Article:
Wednesday, October 30, 2013

What a Charming Face You Have

When I began 2013 with the drawing and painting of giraffe faces, I had no idea that by year's end human faces would become my passion and an almost daily part of my artistic journey.
When we last spoke (entirely too long ago because I am now obsessed with my daily drawing time), I was finishing my assignments with the mermaid themed class and getting ready to begin a series of drawing classes with the same teacher and creativity mentor, Jane Davenport. I was also beginning a yearlong commitment to two groups of artists I had only met online in the "Mermaid" class, to paint a themed page (or page spread) in their handmade journals once each month. For someone like myself, just beginning to study the ways of mixed media and storytelling with faces and figures, this was either pure madness or a crash course in learning to swim by jumping into a shark tank (same thing, I think.) Not that any of my classmates were less than lovely and supportive, but my own brain kept yelling: someone distract them while I climb out and run!

One of my first round robin journal spreads made use of a technique learned in Jane's "Mermaid Circus": photocopy a face you've previously done, glue to the new page, and paint over it. Saves time, gives you a staring point, and since you've probably grown your skills along the way, allows you to remake it into something different and hopefully improved. (This was adapted from my very first face, last shown to you in the April 29 post.) 
I had an inkling during the process of making my own two journal covers that I was going to really enjoy this monthly opportunity to do something brand new  based on whatever my favorite new techniques or themes were calling. I had learned about "one-liners" in several of Carla Sonheim's classes. You know, those drawings where you set pen to paper and don't come up for air until the sketch is complete. Your rules may involve not crossing or retracing lines or be open to whatever happens, but generally the idea is to let a simple flow of ink tell the story with as little complication as possible. I decided to do this for my own self portrait and then take it further with a technique from Carla's book "Imaginary Animals" called "Oaxacan Dotted Elephant," (except without the final coloring steps.) I just loved the result which is very much the spirit of me. The photo I used as a reference was then altered on the computer into a number of special effects, cut and collaged into a new me for the back cover.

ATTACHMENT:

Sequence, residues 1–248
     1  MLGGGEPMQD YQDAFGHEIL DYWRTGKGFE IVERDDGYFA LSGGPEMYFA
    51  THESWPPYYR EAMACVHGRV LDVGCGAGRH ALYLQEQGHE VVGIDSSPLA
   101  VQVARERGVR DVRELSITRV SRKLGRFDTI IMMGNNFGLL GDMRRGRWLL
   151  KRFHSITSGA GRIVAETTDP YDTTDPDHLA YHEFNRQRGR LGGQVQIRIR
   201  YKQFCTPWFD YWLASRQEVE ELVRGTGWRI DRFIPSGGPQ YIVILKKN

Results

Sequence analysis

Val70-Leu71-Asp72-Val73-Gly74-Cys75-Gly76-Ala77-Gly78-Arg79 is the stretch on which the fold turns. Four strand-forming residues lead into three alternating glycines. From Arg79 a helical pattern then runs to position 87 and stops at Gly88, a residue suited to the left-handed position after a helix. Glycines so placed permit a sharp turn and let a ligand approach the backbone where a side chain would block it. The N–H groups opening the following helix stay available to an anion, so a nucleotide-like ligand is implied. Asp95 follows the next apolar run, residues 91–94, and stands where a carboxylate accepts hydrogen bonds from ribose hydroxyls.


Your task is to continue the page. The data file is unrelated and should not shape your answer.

The cover of my international journal featured collaged and paint altered photos of myself spinning the "wheel of travel" to see where I would "virtually" journey next.

While all this new adventure was commencing, the "Year of the Giraffe" continued its monthly course. In July, we sculpted the giraffe in a medium of our choice. Considering my large stash of polymer clay from my jewelry making ventures, and the large number of canes I already had on hand, I decided to try my first sculpted clay piece. First came the base layer out of a block of beige, squeezed and finessed into shape all of a piece, nothing added or subtracted. This was then baked to a rigid condition and the design layer added.

My goal was to make the covering look like a giraffe's spots without being pedantic about it and without having to make any new canes. I turned a number of bulls eye canes into squared shapes, sliced them thinly and collaged the surface. I even used a scrappy "rose" that was made for a previous project as the eye and eyelid/lashes.

 To solve the problem of stability, I had left the area between the legs solid and now covered them with a "garden" of sorts as if the giraffe were standing in tall vegetation.

My completed sweet guy was named "Spot" and has gone on to star in two subsequent monthly projects. (Note that he has two differently spotted sides.)